What Should I Do If My Husband Won't Pay Alimony?

In some divorce cases, alimony is ordered in order to help the spouse who earned less during the marriage or who may otherwise leave the marriage at a disadvantage to receive funds from the higher-earning spouse. This can help balance the financial stability of both spouses and keep the lower-earning spouse from being destitute and reliant on public assistance.

When it is ordered, a spouse must obey the order or face potential consequences. Even if a spouse has a meaningful act occur that affects his or her ability to pay alimony, the obligation remains effective until the timeline to pay alimony expires or the court modifies the order. Some of the ways that an ex-wife can try to receive the alimony payments that she is owed are detailed below. Ask a family law attorney for help in enforcing the alimony order.

Contempt of Court

In a contempt of court action, a party asks the court to find the other party in contempt for not following the rules of court. The other party has the opportunity to defend himself or herself and show the reasons why the court should not hold him or her in contempt. The party moving for contempt has the burden of proof of showing that the other party is not obeying the court order.

At the contempt hearing, the ex-wife may show documentation of when payments were received and when they were not, such as by showing the deposit history or asking for an official accounting of this matter. She may also provide communications from the ex-husband stating that he was behind on payments or in which she is requesting that he abide by the order.

If the judge finds the ex-husband is in contempt, he or she may order the ex-husband to pay a certain amount of the alimony on that same day or within a certain timeframe in order to avoid jail time.

Income Withholding or Garnishment

With a support order in place, some states allow a spouse to have funds automatically withheld from an ex-spouse’s paycheck. If an income withholding order was not included with the original order for support, a spouse may request the court to include such an order as part of the contempt case.

In other areas, the ex-wife would have to get a judgment against the ex-husband in which she must show that the debt is owed. Once a judgment was issued, the ex-spouse could then submit a writ of garnishment to the ex-husband’s employer, instructing it to withhold a certain amount of money from each paycheck based on state law. Each jurisdiction has specific rules about how much income can be garnished and wish types of income are exempt from garnishment, such as unemployment or Social Security benefits. Some states do not allow these exemptions to apply to spousal support obligations while others do. There are sometimes also different rules for support orders that combine child support and spousal support and those orders that only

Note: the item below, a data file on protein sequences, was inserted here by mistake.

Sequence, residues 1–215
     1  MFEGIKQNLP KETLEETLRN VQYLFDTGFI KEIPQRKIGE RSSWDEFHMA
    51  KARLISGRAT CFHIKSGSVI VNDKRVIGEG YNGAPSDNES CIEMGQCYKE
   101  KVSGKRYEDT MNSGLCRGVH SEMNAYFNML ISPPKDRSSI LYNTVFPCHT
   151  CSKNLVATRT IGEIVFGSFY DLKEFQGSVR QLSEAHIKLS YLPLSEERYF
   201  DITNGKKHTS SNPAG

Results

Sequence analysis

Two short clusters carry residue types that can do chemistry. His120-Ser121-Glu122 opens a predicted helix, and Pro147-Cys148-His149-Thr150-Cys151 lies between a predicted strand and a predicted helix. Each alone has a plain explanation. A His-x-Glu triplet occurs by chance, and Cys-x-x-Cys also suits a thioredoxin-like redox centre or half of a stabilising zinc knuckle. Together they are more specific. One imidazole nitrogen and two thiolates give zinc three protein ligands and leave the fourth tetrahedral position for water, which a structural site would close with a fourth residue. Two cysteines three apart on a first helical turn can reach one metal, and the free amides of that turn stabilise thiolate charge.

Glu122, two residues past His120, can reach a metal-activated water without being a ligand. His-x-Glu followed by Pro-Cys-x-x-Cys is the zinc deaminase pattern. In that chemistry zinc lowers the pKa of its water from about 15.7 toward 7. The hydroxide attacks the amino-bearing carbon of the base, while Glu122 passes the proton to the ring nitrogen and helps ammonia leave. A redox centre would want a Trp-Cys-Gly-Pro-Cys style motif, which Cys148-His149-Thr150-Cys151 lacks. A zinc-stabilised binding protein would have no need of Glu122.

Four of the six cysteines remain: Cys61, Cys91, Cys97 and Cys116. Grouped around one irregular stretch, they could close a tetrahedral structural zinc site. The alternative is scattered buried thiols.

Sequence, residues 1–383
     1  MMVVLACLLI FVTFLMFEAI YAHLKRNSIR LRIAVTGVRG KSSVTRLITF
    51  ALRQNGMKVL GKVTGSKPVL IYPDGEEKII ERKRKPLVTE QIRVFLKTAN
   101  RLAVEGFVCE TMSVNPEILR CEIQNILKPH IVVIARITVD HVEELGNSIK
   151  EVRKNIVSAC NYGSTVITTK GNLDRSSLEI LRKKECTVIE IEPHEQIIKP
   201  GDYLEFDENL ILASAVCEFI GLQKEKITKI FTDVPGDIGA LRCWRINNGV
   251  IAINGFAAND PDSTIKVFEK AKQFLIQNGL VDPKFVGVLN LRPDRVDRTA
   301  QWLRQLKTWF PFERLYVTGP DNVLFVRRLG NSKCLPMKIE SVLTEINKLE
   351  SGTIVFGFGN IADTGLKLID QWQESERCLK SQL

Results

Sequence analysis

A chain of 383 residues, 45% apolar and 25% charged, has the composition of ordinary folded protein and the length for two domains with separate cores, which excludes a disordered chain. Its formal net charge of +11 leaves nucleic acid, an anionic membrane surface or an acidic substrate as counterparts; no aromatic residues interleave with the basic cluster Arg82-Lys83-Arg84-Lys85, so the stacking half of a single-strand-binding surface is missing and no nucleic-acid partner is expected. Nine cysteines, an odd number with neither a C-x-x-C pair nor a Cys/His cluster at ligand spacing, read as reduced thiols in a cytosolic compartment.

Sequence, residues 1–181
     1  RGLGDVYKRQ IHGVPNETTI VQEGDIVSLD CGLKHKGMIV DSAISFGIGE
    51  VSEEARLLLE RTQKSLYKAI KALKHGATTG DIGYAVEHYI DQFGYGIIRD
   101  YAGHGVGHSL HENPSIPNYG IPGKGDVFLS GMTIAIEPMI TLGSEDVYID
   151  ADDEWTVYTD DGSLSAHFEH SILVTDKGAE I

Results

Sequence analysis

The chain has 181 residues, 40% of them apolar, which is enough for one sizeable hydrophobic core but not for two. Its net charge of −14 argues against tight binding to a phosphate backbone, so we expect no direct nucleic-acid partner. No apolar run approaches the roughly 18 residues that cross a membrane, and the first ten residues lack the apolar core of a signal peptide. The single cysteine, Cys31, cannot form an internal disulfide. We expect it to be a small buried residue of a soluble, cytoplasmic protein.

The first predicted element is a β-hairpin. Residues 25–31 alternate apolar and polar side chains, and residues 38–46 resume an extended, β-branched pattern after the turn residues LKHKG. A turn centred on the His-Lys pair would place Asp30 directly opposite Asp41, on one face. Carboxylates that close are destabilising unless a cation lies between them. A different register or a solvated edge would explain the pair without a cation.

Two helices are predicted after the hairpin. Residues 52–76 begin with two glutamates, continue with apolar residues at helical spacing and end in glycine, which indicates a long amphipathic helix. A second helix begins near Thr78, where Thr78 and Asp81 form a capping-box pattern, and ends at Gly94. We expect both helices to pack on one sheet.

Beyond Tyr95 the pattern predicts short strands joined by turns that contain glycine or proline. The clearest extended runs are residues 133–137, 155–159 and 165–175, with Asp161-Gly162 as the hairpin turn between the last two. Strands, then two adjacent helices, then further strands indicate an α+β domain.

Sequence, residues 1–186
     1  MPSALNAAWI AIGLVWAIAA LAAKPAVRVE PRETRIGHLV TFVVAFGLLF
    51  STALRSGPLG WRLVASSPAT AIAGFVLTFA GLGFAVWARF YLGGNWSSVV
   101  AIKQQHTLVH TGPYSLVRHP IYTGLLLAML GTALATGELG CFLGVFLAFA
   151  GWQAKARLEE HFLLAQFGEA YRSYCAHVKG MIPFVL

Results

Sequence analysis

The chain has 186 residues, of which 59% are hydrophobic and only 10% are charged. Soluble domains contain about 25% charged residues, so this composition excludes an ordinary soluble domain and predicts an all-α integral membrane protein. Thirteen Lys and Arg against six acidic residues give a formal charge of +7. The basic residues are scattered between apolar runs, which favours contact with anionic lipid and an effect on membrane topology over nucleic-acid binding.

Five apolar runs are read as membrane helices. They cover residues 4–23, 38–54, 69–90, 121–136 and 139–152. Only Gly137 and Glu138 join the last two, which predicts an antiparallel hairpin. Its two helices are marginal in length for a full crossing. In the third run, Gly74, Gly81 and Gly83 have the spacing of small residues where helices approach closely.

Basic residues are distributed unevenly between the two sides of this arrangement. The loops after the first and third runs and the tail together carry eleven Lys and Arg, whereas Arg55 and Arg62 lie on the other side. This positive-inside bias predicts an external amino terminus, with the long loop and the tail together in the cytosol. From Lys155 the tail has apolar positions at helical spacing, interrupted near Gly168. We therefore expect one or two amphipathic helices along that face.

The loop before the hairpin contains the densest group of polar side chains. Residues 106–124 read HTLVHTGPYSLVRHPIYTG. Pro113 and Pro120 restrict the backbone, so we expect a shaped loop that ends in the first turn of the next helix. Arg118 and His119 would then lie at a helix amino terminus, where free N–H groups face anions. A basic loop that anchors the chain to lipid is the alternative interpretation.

apply to spousal support awards.

Other Collection Methods

There may be other ways to collect unpaid spousal support, depending on state law. A judge may order these efforts or they may be available through another method, such as by requesting the collecting center to institute certain action. For example, a driver’s license or professional license may be suspended if support continues to go unpaid. A bank account may be garnished under certain conditions. The ex-husband’s tax return, lottery winnings, rents and profits or other income may be seized. An unpaid judgment creditor including an ex-spouse may also file a lien against property that the ex-husband owns. A business owner can have money taken from his cash register as sales come in. The sheriff may seize property and sell it at a special sheriff’s sale, providing the ex-spouse with the proceeds.

Provided by HG.org

Disclaimer: Every effort has been made to ensure the accuracy of this publication at the time it was written. It is not intended to provide legal advice or suggest a guaranteed outcome as individual situations will differ and the law may have changed since publication. Readers considering legal action should consult with an experienced lawyer to understand current laws and.how they may affect a case.

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